The international legal protection of World Heritage sites during armed conflict
Host item entries:
TDM, Vol. 5, 2013, 11 p.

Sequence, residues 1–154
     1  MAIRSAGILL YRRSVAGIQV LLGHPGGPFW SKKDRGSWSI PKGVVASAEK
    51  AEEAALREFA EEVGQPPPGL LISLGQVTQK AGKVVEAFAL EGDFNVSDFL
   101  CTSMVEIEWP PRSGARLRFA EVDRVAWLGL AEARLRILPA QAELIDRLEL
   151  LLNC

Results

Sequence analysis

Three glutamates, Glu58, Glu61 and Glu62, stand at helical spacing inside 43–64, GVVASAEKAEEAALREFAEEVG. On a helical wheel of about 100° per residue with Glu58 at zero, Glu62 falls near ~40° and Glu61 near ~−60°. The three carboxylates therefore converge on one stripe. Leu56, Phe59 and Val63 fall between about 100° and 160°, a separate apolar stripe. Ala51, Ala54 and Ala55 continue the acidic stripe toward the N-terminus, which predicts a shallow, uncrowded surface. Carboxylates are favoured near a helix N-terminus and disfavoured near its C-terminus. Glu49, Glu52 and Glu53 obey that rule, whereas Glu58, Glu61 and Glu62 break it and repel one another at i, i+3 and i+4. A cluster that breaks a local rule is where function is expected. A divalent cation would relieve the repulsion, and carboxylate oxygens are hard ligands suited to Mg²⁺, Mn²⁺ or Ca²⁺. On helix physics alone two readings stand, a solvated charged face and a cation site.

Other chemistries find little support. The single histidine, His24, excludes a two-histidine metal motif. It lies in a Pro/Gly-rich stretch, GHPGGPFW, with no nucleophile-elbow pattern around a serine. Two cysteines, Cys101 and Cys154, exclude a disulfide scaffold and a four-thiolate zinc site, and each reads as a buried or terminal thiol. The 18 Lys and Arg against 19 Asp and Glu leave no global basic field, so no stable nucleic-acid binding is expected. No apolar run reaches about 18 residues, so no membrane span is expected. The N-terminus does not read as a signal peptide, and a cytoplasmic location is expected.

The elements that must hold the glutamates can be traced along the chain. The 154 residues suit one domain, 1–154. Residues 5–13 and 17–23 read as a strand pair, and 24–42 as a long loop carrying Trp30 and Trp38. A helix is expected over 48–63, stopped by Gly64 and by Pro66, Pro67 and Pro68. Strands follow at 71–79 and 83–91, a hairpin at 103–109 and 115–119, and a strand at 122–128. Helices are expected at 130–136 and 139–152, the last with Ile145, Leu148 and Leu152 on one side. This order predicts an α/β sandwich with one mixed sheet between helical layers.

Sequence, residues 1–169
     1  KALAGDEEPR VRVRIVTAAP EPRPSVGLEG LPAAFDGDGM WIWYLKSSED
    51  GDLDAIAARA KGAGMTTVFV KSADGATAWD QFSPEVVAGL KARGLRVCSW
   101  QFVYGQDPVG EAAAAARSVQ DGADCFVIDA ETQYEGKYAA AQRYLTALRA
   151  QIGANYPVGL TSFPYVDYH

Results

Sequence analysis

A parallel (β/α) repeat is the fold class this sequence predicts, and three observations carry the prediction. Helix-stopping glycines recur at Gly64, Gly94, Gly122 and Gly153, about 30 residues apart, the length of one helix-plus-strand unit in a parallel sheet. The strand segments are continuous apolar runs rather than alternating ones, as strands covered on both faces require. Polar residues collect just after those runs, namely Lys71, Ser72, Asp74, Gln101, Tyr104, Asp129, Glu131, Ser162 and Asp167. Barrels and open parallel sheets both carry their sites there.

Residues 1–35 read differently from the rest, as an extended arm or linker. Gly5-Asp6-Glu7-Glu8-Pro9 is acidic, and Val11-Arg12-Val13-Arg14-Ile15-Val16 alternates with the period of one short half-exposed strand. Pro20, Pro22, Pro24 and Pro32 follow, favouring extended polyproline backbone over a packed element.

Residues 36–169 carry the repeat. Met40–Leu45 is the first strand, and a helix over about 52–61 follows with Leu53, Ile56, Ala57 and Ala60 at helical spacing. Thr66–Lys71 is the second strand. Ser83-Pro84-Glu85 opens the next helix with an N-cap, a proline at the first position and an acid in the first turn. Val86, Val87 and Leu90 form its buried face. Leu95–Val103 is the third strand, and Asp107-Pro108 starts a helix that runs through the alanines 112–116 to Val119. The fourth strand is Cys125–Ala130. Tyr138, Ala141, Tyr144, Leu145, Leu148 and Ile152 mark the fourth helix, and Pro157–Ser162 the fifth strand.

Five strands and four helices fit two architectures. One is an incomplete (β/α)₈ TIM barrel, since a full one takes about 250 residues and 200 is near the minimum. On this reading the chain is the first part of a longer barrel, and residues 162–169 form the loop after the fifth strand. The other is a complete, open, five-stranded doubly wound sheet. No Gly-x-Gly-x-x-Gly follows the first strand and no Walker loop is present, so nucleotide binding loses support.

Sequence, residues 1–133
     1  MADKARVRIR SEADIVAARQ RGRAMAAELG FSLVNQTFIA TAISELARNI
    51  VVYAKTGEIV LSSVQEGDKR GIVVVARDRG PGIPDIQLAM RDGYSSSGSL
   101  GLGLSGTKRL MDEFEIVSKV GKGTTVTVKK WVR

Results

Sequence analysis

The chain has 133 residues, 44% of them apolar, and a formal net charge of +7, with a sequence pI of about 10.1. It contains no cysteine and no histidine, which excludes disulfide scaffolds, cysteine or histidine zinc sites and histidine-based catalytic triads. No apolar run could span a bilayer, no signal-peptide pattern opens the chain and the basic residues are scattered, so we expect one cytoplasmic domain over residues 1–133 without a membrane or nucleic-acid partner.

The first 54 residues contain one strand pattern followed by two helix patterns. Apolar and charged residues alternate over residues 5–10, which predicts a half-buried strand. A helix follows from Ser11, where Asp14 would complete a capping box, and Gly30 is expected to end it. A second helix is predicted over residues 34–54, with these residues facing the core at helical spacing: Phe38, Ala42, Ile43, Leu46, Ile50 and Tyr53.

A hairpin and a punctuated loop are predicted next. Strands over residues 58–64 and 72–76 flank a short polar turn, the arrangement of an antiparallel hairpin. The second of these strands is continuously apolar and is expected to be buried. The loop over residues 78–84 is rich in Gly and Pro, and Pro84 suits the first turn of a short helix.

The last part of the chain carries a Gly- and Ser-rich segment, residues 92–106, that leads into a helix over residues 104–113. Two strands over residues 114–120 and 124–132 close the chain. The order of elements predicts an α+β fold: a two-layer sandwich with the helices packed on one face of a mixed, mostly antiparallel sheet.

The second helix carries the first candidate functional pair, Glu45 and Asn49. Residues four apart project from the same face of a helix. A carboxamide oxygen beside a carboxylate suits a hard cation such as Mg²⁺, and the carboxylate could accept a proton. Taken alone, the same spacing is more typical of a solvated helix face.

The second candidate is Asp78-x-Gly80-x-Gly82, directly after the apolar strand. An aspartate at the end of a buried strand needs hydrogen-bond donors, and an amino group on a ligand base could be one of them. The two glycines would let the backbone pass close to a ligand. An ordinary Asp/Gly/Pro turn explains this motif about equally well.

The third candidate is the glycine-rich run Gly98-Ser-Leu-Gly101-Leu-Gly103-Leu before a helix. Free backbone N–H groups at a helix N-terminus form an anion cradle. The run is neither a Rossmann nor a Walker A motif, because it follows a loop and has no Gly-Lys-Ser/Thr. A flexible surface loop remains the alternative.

The World Heritage programme and the law of armed conflict governing the protection of cultural property share the common principle of preserving the 'cultural heritage of mankind'. World Heritage sites are vulnerable to deliberate destruction in modern warfare, particularly during conflicts motivated by ethnic and religious animus. The vulnerability of World Heritage sites has been proven by a succession of deliberate attacks on World Heritage sites, beginning with the shelling of the Old City of Dubrovnik in 1991 and continuing through attacks on World Heritage sites in Syria and Timbuktu in 2012. This article explores the extent to which belligerents must afford heightened protection to cultural sites on UNESCO's World Heritage List, pursuant to either the World Heritage programme or the law of armed conflict. In outlining the legal protection afforded by these regimes, it considers whether the World Heritage List can serve as a proxy for a list of properties entitled to prima facie heightened protection during armed conflict. Based on this analysis, a presumption of heightened protection should prevail for a significant subset of World Heritage sites, and the article therefore aims to identify the characteristics or categories of World Heritage sites that will support such a presumption.
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